I’d say more people are interested in cash bonuses, but not by a big margin. We didn’t really see any new issuers get into the cash bonus game and the devaluations to loyalty programs didn’t make cash that much more relevant. I got this one wrong.
Relationship bonuses will change. In 2014 Chase removed their 10% bonus on all points earned on the Chase Freedom card if you held a Chase checking account and Bank of America introduced their Preferred Rewards program. I think relationship bonuses will increase, but the focus will be on how much money you have deposited with that card issuer, rather than having a checking account open.
I don’t think anything really happened in this area at all. Still surprised we don’t see more of this. Wrong again!
Chase Amtrak. This card will come back running on the Visa network rather than the Mastercard payment network it previously ran on. Miles remaining also predicted this. Chase is slowly shifting all of their MasterCard’s to Visa’ (IHG is the other main partner with Mastercard and they shifted from Visa in 2014 which is against the grain, but keep in mind the co branded partner has some say when it comes to these agreements as well). The reason this is happening is simple, Charlie Scharf (current CEO of Visa) used to work at J.P Morgan Chase as the CEO of Retail Financial Services. In early 2013, Chase signed a deal with Visa that involved Chase shifting more spending over to the Visa payment network. As Chase’s contracts with co-branded partners have come up for renewal, they have slowly been shifting them over to Visa. Chase Amtrak becoming a Visa card is simply a continuation of that. You can read more about this on the Chichago Tribune “Chase replaces more MasterCards, discontinues Blink“.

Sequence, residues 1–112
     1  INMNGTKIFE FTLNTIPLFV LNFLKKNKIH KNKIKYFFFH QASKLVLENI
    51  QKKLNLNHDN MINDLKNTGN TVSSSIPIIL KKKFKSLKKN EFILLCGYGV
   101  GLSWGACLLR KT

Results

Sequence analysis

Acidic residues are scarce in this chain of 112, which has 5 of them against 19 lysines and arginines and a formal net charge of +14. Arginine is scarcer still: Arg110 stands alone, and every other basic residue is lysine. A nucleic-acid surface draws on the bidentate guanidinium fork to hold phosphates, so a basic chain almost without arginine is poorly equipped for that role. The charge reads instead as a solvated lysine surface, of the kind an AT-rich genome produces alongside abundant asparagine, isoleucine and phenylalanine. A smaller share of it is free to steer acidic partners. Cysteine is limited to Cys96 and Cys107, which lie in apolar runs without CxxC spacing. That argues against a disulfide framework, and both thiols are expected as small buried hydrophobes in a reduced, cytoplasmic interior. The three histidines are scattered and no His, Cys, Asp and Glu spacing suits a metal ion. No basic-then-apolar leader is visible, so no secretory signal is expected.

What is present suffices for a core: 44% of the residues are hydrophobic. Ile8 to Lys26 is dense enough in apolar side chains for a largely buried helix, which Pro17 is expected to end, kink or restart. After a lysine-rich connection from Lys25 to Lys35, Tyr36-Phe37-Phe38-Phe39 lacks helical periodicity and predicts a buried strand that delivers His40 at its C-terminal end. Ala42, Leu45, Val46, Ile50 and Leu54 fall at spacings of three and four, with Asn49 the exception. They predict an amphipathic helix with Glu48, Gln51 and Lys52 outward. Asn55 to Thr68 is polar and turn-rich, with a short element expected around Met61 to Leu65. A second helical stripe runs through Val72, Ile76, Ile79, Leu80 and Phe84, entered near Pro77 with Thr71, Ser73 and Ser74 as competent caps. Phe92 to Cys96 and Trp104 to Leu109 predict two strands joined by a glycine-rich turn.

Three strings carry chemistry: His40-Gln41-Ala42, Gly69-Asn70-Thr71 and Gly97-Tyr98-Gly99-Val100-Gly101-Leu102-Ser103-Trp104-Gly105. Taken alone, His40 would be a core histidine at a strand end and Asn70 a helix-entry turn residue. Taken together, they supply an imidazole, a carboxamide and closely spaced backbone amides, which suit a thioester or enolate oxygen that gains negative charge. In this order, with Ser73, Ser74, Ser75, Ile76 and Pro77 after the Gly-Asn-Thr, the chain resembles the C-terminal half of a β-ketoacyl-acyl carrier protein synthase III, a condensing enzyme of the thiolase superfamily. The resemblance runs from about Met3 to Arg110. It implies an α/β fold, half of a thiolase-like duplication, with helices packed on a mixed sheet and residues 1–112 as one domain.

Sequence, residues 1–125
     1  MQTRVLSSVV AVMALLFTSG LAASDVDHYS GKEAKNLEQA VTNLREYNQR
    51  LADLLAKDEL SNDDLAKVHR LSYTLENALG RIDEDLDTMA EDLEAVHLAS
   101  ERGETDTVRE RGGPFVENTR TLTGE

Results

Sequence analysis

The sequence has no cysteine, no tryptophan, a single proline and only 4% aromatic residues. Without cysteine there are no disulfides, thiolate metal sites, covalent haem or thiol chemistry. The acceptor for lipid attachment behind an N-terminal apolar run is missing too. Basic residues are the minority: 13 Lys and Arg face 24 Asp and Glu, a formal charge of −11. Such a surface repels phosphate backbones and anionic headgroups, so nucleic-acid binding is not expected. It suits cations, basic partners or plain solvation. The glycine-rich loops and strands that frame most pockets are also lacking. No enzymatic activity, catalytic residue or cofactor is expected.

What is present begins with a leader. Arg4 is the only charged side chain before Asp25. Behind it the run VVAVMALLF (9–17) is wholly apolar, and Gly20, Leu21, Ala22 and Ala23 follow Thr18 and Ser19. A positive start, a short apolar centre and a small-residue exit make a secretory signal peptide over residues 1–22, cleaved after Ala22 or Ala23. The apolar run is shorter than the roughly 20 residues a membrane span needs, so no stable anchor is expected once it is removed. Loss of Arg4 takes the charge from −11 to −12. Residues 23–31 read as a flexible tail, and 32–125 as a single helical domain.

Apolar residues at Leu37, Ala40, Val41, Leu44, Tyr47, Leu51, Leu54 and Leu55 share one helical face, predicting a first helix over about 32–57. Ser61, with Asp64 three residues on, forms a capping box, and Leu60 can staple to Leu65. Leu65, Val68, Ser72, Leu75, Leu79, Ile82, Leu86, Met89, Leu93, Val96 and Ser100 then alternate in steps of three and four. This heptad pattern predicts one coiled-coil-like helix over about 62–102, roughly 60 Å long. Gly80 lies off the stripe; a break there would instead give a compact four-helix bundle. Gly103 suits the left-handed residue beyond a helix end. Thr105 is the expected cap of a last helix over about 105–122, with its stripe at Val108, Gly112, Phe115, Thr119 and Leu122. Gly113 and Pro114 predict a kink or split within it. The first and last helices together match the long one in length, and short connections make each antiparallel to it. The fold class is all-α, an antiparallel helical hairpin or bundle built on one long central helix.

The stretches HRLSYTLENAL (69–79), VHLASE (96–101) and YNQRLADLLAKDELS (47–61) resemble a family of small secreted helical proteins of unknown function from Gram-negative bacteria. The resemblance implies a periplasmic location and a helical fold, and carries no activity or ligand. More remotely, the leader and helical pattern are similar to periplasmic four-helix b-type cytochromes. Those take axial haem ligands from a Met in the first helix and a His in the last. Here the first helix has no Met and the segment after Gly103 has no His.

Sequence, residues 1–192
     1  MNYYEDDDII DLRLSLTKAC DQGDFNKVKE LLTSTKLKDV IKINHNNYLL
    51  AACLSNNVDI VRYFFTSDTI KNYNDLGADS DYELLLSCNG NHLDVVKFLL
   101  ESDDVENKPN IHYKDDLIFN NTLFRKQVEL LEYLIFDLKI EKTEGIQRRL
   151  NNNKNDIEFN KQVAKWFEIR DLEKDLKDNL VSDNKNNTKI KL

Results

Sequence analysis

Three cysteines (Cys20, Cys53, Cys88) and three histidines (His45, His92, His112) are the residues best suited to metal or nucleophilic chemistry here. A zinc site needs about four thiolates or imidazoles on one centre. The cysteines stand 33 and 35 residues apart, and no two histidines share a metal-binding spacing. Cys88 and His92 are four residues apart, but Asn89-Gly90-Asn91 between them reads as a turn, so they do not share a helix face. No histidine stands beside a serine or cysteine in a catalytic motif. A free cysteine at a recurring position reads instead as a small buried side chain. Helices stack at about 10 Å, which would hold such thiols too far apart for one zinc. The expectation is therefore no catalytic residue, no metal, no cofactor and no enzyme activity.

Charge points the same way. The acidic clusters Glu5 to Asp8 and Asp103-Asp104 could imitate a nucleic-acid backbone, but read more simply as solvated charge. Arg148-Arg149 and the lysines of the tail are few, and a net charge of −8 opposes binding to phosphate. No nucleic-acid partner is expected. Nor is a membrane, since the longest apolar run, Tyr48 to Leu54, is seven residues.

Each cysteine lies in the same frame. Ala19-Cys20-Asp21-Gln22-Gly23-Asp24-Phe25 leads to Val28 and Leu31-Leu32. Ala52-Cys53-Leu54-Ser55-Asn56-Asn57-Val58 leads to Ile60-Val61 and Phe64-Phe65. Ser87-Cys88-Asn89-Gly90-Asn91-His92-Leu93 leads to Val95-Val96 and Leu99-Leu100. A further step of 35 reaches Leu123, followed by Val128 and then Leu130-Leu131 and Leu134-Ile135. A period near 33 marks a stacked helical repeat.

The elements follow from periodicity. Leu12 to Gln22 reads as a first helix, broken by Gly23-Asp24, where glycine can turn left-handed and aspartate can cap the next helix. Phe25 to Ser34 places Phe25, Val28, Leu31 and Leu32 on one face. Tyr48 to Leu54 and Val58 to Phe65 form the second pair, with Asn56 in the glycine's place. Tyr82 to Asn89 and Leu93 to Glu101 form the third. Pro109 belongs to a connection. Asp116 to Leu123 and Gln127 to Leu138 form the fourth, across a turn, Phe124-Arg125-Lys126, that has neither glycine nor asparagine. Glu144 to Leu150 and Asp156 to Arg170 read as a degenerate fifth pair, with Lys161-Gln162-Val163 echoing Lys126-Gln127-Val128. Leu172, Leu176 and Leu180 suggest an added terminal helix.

I’m starting to think that I might be an idiot, this one is of course wrong as Bank of America now manages the Amtrak portfolio.